Monthly Film Roundup: April 2023

Films Watched: 14

How Many Were First-Time Watches: 13

Best Films: The Last Temptation of Christ, Magnolia, How To Blow Up A Pipeline

New Releases: Dungeons and Dragons: Honour Amongst Thieves, The Super Mario Bros Movie, How To Blow Up A Pipeline, Air, Renfield, Missing, Polite Society


Dungeons and Dragons: Honour Among Thieves (2023) An undeniably fun film, but similar to Shazam 2, it’s one that suffers from a baffling narrative and a lack of definable character powers. Chris Pine shines with undeniable charisma, though the rest of the cast struggle with the underwritten dialogue that leans heavily into admittedly successful comedy ⭐️⭐️⭐️

The Super Mario Bros. Movie (2023) It’s colourful, bright and loud, but wow is this a terribly made film. Less of a ‘movie’, it’s more a series of ‘recognisable moments’ from the iconic game series strung together into what barely resembles a plot. At what point did we start disrespecting kids to the point where their movies have to be as bland as this? ⭐️⭐️

The Last Temptation of Christ (1988) Scorsese’s fictional exploration of Jesus’s life, and his desire for one after crucifixion, is a fascinating dissection of destiny and salvation. Take away all the religious allegory, and you’re still left with a hypnotic central performance by Willem Dafoe who portrays Christ’s inner turmoil with gripping intricacy ⭐️⭐️⭐️⭐️

Harvey (1950) A unique and admittedly off-kilter comedy drama, but one that is anchored by another fabulous central performance from Jimmy Stewart. His imaginary furry friend feels like he’s always on screen thanks to Stewart’s committed performance and some clever camera framing. ⭐️⭐️⭐️⭐️

How to Blow Up A Pipeline (2022) A fantastically tense environmentalist action thriller about eight eco-warriors who decide to take action against the oil industry. Thrillingly shot, well performed and brilliantly scored, it’s an excellent demonstrator of the power of great filmmaking without high budgets. ⭐️⭐️⭐️⭐️

Air (2023) Massively aided by its on-point 1980’s production design and soundtrack, ‘Air’ is a fun film telling the story behind the iconic Nike shoe, but at the end of the day, it is also just a film about making a shoe. Thankfully the cast provide sparky performances in this well biopic that zips along with great momentum. ⭐️⭐️⭐️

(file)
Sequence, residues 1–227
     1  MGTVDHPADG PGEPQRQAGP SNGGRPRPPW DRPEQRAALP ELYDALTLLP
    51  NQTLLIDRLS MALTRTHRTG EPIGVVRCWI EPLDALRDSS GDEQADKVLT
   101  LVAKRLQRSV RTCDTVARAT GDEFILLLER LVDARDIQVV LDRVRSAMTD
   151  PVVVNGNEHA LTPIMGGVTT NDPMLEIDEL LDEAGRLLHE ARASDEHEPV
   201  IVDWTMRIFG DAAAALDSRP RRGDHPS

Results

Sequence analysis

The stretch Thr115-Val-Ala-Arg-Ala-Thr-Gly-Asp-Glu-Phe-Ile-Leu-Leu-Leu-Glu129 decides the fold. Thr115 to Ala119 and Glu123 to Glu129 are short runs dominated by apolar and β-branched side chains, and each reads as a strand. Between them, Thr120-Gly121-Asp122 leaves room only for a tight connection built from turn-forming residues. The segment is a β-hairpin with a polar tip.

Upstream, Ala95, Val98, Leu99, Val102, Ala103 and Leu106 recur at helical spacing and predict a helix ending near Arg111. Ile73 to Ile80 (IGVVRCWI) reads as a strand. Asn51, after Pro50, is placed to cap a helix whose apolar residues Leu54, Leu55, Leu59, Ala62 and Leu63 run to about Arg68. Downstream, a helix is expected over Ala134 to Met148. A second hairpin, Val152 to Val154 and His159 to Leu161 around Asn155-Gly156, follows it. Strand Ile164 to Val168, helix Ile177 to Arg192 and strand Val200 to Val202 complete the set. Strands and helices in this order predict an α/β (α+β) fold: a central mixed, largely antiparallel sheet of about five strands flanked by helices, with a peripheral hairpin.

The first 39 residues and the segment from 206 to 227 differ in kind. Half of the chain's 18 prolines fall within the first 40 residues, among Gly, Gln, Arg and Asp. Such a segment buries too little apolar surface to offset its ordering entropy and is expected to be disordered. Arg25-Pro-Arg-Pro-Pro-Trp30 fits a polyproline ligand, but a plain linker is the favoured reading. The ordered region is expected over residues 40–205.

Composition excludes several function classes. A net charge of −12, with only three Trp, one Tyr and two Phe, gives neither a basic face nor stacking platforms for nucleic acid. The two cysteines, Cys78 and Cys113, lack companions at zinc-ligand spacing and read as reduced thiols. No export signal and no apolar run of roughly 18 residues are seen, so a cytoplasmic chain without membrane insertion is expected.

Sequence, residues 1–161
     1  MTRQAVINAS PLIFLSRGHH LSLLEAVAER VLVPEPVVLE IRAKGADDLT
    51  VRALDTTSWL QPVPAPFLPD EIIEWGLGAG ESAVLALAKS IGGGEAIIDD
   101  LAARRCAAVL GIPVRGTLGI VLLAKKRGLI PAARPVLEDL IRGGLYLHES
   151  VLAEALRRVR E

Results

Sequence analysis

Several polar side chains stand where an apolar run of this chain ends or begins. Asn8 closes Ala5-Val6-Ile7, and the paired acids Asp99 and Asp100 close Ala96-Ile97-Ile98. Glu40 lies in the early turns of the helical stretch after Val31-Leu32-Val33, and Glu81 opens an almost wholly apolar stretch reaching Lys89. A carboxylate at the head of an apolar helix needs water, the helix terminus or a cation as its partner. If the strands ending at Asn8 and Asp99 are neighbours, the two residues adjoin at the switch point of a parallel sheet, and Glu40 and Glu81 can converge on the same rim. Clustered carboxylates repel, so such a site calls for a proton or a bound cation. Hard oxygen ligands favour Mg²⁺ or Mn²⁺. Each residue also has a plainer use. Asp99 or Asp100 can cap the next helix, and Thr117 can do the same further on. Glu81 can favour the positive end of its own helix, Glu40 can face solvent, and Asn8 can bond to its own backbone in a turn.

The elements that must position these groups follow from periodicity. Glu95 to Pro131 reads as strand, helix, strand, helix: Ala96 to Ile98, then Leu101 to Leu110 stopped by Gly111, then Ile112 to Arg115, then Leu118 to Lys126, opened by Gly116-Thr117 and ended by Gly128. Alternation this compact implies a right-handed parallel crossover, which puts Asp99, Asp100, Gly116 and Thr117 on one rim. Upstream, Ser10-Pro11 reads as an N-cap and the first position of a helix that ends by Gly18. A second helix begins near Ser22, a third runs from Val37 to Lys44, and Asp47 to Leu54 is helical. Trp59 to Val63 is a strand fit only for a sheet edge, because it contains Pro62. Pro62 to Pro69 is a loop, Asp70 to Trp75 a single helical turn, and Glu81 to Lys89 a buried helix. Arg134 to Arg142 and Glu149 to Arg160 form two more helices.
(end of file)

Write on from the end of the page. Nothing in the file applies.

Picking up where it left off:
Renfield (2023) The cast are fun to watch and there are some gloriously gory sequences, but this is a tonally confused horror comedy that wastes its inspired premise by getting bogged down in a crime syndicate subplot. It might just be this years most frustrating film, mainly due to the fact that it squandered its fantastic potential. ⭐️⭐️

Raging Bull (1980) An impressively assembled biopic from Martin Scorsese; albeit one not without its issues. A wholly remarkable performance from an intense De Niro, and exquisite editing from Thelma Schoonmaker, make for entertaining viewing. ⭐️⭐️⭐️⭐️

The Big Sick (2017) A well-written and well-crafted rom-com that works brilliantly as a vehicle for co-writer and star Kumail Nanjiani. It’s too long, but it has a lot of fun moments, including a wonderful supporting performance from Ray Romano. ⭐️⭐️⭐️⭐️

The Social Network (2010) Quite frankly, this could be a fully fictional story and it would make no difference. Technically speaking, most scenes in this film are a masterclass in screenwriting, directing, acting, scoring and design. Also, it’s a really goddamn enjoyable movie. ⭐️⭐️⭐️⭐️⭐️

Missing (2023) An absolutely wild screenlife thriller that you’ll never see coming. After about 14 million different plot twists it starts to loose its way, but it’s always engaging, exciting, and the screen remains an incredibly smart method of storytelling. ⭐️⭐️⭐️⭐️

Dallas Buyers Club (2013) Of course it suffers from the usual ‘straight white male helps marginalised group’ narrative, but this biopic is massively elevated by its transformative central performance from Matthew McConaughhey. Jared Leto also delivers a great emotional performance, but in retrospect it can’t help but feel like a missed opportunity for the transgender community. ⭐️⭐️⭐️⭐️

Magnolia (1999) PTA assembles a stunning mosaic of characters for this expansive exploration of life. It’s a little aimless, but it provides many unforgettable moments of purely Operatic cinema from one of Hollywoods most confident filmmakers. ⭐️⭐️⭐️⭐️

Polite Society (2023) In her feature directorial debut, Nida Manzoor delivers a wonderfully fun tale of sisterhood with the energy of a Bollywood ‘Scott Pilgrim’. Bursting with confidence, humour and charm, it’s a great britflick sporting fabulous representation. ⭐️⭐️⭐️⭐️

Leave a Reply

Fill in your details below or click an icon to log in: Logo

You are commenting using your account. Log Out /  Change )

Facebook photo

You are commenting using your Facebook account. Log Out /  Change )

Connecting to %s